CLINTON: Well, something has to happen because of the neglect of the administration in handling this problem in the past. You know, you covered the campaign. I talked about this for 18 months. I said this is coming. We've got a big problem, we've got to figure out what to do about these mortgages, we have to rein in the banks, we need new regulation. And I remember, having said that, I gave a speech on Wall Street last December making some of those points and the administration basically brushed me off, said, 'you know, she's wrong, it's contained.' Well, they were wrong. So now we've got the crisis. The house is on fire. Yes, we got to call the fire department, we got to put the fire out, but for goodness sake's, with he need to then take a step back and say why did this happen? We can't ever let it happen again. But I think that the calls for being careful about this, coming from the Congress, are absolutely right. The markets do need to be stabilized and there's a lot of psychology in the markets. You know, people are all worked up, they're selling stuff that -- because they aren't sure what is going to happen next, so we've got to stabilize the markets, but I really respect what my colleagues in Congress and I are trying to do, which is to say to the administration, 'look, you got to do some additional steps here. This is not going to be enough and we don't like giving you this much authority with no accountability.'
CLINTON: So we're working that out.
SMITH: Just over 40 days to the general election.
CLINTON: That's right.
SMITH: Who's going to win?
CLINTON: Barack Obama's going to win.
SMITH: No doubt in your mind?
CLINTON: No doubt. And here's why, if anybody looks at the mess we're in today, why would they reward the Republicans? I mean, that makes no sense to me at all.
SMITH: John McCain would say 'I'm a maverick, I've always stood away from these guys, they're not me.'
CLINTON: Well, I have a lot of respect for Senator McCain, he's a friend of mine, but his record is continuing efforts for deregulation and beginning to, you know, try to get the market to take even more responsibility, including even for health care, which his health care plan suggests. So I think we should look at what's worked in the past. Democrats have done it before. We saw what my husband did. Barack Obama is being advised by the same people who got us out of the ditch in 1993, after 12 years of Republicanism.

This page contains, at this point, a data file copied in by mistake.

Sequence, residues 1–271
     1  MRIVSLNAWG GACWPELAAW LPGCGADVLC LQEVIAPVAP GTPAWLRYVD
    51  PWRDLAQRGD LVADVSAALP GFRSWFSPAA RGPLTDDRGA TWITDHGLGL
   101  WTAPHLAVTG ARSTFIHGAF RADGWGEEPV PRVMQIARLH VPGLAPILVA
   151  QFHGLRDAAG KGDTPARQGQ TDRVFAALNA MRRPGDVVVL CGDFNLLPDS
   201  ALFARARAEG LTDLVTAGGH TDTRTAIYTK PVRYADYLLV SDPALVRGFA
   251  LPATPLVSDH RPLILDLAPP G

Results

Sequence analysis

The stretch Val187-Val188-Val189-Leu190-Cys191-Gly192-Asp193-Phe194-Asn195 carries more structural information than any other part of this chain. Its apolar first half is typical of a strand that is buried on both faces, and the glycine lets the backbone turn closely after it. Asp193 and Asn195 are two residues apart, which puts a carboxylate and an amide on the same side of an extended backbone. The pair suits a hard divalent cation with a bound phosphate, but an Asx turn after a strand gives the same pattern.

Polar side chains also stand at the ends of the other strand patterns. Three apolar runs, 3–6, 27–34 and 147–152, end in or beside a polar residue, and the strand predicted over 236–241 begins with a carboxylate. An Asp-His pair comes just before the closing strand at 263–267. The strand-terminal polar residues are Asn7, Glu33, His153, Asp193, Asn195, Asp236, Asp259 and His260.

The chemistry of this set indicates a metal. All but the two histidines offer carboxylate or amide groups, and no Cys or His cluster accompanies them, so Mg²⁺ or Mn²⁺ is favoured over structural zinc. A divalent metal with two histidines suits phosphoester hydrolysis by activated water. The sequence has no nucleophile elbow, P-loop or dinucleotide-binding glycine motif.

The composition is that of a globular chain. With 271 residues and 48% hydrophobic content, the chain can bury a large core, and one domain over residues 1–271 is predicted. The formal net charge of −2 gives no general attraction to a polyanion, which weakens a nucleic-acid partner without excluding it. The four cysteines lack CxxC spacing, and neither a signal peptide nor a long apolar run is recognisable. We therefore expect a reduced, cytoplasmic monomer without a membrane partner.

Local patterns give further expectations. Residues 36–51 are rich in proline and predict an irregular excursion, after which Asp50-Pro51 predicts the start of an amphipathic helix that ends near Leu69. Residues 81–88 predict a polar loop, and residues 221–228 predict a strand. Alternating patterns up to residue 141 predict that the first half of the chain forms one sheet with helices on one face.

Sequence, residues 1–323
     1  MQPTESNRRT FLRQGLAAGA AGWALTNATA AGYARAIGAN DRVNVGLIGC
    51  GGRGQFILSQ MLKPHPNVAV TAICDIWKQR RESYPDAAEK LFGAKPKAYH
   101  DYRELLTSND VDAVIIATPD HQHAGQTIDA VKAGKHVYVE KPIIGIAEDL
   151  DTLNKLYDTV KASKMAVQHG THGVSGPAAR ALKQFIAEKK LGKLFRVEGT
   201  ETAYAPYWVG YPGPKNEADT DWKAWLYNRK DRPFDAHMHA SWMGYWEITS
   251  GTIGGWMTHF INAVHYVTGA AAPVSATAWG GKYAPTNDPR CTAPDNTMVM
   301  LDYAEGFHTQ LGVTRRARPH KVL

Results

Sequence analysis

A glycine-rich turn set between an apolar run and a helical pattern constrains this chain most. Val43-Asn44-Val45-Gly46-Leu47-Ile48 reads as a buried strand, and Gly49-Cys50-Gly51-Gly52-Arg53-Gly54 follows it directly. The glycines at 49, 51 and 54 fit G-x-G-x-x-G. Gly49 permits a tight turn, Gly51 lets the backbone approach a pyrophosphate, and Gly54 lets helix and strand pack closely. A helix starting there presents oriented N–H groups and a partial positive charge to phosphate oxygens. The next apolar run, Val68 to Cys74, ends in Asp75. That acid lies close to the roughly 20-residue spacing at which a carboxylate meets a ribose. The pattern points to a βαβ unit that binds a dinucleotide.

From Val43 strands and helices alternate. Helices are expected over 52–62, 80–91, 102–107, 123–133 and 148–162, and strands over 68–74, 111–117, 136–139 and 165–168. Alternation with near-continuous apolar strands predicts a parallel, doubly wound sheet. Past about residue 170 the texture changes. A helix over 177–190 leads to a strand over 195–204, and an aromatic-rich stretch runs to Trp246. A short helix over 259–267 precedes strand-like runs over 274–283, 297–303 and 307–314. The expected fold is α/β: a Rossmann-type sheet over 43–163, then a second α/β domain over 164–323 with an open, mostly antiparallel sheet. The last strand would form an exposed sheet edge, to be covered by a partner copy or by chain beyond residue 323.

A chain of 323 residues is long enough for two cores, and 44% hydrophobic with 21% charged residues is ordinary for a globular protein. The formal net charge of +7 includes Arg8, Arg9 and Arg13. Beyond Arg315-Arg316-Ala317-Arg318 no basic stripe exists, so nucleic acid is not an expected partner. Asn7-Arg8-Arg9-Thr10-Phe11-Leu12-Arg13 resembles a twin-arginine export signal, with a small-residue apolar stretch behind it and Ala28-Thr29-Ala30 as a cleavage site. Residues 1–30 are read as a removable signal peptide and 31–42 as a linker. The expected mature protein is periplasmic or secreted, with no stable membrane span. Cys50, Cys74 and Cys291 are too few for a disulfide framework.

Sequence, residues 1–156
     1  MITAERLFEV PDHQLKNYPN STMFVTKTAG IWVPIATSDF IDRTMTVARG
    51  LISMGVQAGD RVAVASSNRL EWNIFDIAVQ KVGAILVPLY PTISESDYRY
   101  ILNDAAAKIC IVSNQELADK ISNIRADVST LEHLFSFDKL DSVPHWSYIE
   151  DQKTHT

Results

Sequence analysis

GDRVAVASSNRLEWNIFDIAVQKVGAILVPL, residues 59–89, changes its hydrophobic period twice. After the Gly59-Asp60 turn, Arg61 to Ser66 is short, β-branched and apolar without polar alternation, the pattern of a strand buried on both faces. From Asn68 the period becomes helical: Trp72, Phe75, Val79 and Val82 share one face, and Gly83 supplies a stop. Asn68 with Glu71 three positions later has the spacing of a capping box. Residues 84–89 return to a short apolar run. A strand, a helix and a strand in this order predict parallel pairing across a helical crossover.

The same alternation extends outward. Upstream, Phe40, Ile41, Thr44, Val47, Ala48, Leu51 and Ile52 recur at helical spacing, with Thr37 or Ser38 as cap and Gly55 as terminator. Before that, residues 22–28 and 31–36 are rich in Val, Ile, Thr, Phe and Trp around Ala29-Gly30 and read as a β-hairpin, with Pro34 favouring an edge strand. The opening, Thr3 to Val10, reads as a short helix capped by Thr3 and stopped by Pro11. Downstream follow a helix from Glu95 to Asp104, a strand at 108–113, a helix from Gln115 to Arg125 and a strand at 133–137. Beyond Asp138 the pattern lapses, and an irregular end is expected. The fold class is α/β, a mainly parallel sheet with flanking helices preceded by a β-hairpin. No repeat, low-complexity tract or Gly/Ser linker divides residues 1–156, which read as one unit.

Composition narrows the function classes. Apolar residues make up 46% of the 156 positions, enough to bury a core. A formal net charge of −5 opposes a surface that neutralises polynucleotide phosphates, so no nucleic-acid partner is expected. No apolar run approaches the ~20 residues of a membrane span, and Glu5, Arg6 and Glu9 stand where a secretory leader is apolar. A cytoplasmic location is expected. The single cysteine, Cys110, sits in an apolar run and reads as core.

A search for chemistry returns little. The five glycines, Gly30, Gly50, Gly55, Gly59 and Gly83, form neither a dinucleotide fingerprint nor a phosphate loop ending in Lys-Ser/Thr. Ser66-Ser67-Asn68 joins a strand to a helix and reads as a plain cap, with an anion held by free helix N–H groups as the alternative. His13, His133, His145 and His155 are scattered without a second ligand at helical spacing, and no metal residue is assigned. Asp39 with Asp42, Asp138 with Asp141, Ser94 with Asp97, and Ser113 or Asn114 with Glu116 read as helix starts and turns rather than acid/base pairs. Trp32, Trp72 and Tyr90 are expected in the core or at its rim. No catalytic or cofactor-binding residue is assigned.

SMITH: But as close as these polls are, some people say it's going to end up, this is -- the real -- it's going to hinge on gender. Some people say it's going to hinge on race. Should Barack Obama have chosen you as a running mate?
CLINTON: You know, he had every right to choose who he wanted to choose and he made a great choice. Joe Biden's a friend of mine and he is a champion of working people, he is a great strategist about the world. I think our ticket is well equipped for handling the mess they're going to inherit, because make no mistake about it, this is going to be one of the most difficult presidential transitions, because of everything that President Bush has done to our country's detriment. And I think that, you know, Barack and Joe are ready, they're ready to lead, they're ready to make these tough decisions and that's what the country desperately needs.
SMITH: What about the issue of race, because this new poll came out from Stanford and from Yahoo talking about this notion that there's still a lot of Americans who might say publicly one thing and do something privately.
CLINTON: Well, race and gender were issues in all of the polling and in the primary campaign. That is, you know, just a fact of life. But when it comes to making this important decision that voters have to make, I think the vast majority of Americans are not going to look at anything other than what's the best choice for me and my family and my country. And the choice is so clear. You know, I've campaigned all over for Barack. I've been to Florida, Ohio, Nevada, New Mexico, from, you know, New Hampshire to California, and I always say to people, I know how interested you are in this election, but instead of asking each other who are you for, ask who is for you? And there isn't any other answer, except Barack Obama and Joe Biden.
SMITH: Very quickly. Do you think Sarah Palin's being treated fairly?
CLINTON: [Takes deep breath] Look, I think that any woman in politics, at the level of presidential and vice presidential politics, is going to run into a lot of the same, you know, issues and questions, but the bottom line is who is on the top of the ticket? And Senator McCain, with all due respect, is a Republican. We have seen what the Republicans have done to our country. Here at home and around the world. And I think that voters have to ask themselves do we really want four more years of eight more years of the same?
SMITH: Alright. Senator Clinton, thank you so much.
SMITH: I love the [Mimics Clinton's deep breath and laughs]. Pleasure to see you, thank you.
CLINTON: Thanks, Harry.